Here’s some hand-wringing about the scope of a story. How “big” is it? How “big” should it be? And should each book of the four-part series expand in scope?

For me the scope is the number of lives touched. A small scope means a few lives are touched by some action. At the end — except for those who died in sword-fights — things return to normal.

A story can have a broad scope. A kingdom can be made safe. The people living in the Outlands can be unified to defend themselves. The scope is tens of thousands of lives made safe.

As I look at Book III of Tales of the Red Ranger, the choice between expanding the scope vs. shifting it is starting to worry me. I could tell a larger story of the Mage’s impact on more people. Or, I could follow the Mage through some more difficult times and dark places without really dwelling on the kingdom-scale impacts.

In Book I the Mage spends almost ⅔ of the book trying not to be executed. The Red Knight has problems, too, but the focus is the Mage. The Mage’s actual goal — above and beyond staying alive — is personal. Eventually, there’s a #grimdark marginal “success.”

Yes, Book I does touch on two earldoms, the kingdom’s internal conflicts, and the temple pursuing the Mage. But. Really. The layers of politics are some of the backstory to motivate the duplicitous opportunists and assassins.

In Book II the Mage and the Red Knight spend ⅔ of the book trying not to get executed for fake crimes or killed by the necromancer. But the scope is larger than their individual goals. There’s the Red Howe and the neighboring villages. The action is spread across two earldoms. Indeed, one earl is being helped in spite of being an incompetent drunk.

To an extent, the focus feels bigger in Book II. But it’s supposed to be the same Temple, Kingdom, and External trio of threats. The “external” threat is the most deadly and immediate; the others are complications.

The feeling of a growing scope led me to an initial outline for Book III that could include yet more of the earldoms. At least four of them. And maybe the king, too.


I also have to remind myself to slow down. The books aren’t about the world. They’re about the people. There are some additional principles I’m using as aids to navigation.

  1. Incremental Reveals. I don’t want to pour the whole kingdom into a single book. There’s too much to reveal. Half the book would turn into disconnected vignettes about some other part of the kingdom. The Mage and Red Knight would devolve to tourists. The Red Knight would hate tourists. The Mage — as tourist — would be a right bastard to everyone.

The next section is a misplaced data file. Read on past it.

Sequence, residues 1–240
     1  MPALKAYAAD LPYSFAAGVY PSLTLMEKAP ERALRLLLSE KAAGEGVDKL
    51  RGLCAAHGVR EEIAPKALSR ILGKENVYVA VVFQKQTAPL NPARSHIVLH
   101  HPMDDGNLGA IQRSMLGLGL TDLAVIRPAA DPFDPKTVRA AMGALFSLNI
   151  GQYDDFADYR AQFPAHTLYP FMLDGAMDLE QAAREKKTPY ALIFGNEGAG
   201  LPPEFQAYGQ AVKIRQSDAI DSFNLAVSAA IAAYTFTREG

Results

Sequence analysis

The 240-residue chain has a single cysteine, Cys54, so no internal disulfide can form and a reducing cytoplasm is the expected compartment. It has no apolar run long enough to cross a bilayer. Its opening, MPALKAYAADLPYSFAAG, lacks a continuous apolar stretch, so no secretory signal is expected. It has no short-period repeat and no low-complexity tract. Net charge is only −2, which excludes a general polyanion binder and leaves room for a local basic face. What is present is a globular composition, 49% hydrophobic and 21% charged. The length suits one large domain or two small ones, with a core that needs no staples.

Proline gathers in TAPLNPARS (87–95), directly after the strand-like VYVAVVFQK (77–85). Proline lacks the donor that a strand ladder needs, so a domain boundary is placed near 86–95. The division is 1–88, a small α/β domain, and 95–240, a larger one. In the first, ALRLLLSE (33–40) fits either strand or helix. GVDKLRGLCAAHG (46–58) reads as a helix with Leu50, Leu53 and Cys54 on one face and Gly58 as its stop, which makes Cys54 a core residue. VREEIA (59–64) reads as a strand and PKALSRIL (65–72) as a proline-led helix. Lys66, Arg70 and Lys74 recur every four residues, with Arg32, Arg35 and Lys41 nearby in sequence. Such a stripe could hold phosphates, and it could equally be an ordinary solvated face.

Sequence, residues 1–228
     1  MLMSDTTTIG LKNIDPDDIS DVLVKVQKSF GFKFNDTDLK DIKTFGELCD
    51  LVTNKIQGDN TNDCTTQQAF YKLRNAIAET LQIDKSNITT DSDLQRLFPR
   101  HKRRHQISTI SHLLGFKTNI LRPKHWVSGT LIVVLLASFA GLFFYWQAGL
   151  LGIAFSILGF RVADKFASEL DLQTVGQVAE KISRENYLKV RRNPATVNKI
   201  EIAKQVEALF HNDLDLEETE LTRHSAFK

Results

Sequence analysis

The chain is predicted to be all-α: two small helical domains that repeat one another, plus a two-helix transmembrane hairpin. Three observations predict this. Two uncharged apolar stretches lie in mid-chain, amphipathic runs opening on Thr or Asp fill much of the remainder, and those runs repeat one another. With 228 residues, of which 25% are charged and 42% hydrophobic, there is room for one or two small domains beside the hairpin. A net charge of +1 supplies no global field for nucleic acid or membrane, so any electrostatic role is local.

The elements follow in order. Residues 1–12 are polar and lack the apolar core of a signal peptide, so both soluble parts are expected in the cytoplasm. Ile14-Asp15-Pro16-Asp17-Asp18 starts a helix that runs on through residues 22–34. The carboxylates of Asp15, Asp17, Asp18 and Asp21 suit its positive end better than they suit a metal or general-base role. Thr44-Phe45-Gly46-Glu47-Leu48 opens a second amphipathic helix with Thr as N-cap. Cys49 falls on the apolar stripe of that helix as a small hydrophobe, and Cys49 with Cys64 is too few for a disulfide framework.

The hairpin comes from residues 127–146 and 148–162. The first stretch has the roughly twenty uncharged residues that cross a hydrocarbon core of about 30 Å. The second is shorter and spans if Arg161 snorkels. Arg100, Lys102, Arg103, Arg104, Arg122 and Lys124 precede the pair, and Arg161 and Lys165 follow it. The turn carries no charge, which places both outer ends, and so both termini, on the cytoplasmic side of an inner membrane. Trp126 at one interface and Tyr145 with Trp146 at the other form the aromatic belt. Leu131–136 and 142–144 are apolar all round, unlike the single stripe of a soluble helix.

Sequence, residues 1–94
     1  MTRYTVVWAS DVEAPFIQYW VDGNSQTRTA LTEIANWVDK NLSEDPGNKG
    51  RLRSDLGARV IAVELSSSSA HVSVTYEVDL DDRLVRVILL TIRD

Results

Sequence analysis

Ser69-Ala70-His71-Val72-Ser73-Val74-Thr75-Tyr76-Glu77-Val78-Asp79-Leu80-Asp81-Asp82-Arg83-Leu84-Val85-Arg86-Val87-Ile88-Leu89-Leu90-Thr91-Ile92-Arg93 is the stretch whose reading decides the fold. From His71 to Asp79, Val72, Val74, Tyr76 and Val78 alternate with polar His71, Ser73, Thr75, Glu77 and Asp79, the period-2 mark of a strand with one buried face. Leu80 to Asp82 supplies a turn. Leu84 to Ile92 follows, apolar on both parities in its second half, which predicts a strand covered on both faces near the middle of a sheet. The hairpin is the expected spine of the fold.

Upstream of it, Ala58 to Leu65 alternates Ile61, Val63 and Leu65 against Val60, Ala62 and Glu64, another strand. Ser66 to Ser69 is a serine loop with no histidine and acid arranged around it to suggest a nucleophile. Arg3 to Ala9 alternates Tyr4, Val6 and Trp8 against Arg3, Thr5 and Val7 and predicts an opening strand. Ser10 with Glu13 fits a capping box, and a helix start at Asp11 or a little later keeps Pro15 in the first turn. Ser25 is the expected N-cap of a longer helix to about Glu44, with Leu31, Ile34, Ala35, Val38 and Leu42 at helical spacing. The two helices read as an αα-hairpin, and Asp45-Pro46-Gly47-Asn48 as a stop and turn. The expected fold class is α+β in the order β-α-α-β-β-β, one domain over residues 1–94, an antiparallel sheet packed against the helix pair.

2. Dark Places. The first two books involve moving into the dark place in a profound way. The dark places are not things they pass through. It’s a thing they live in, and barely escape alive. Indeed, they have to be extracted. The dark places involve a kind of seduction. And the dark places are personal. While a kingdom — as a vague metaphoric whole — may enter a dark place, the individual’s journey is more relatable and more interesting than the larger political situation. Especially the Red Knight, who can be a real jerk sometimes.

  3. Gritty and Detailed. Small things are important to me. I’m not a fan of Elric of Melniboné crossing kingdoms in a few paragraphs. In some of the Elric stories, getting from here to there is merely a side-bar drama, irrelevant to the overall hero’s journey. Having traveled long distances IRL, I think the drama of getting from here to there is — and should be — front and center. Distance and isolation are their own dark places.

I think my path through my own authorial dark place has several stages. The first step is to adjust the Book III outline to replace some prospective chapters that weren’t focused on someone’s personal journey. See Personification for thoughts on materializing personal problems as bad guys.

Part of the revision will more clearly identify the holes in the Red Knight's heart filled by the Mage, as well as the Crown, the Orb, and the Scepter.

In order to keep an appropriate level of grittiness, I will need to outline the parallel stories of the various earldoms and Outlanders. These other stories won’t get told directly, but the intersections need to be reasonably clear. Emphasis on reasonably. There’s a fogginess to these distant things. The Mage can’t ever be certain of what the Temple or the other Earls are doing; the effects can be observed, and action can be taken, but mistakes will be made.

The final step is to work through some nested elements of the journey. While the coarse outline of a hero’s journey is “there and back again,” there are sub-journeys within the larger journey. Some are sequential stages; some are nested.

I have to leave the parts in place for Book IV to step off boldly in an incrementally bigger scope. Incremental Reveals. Dark Places. Gritty and Detailed.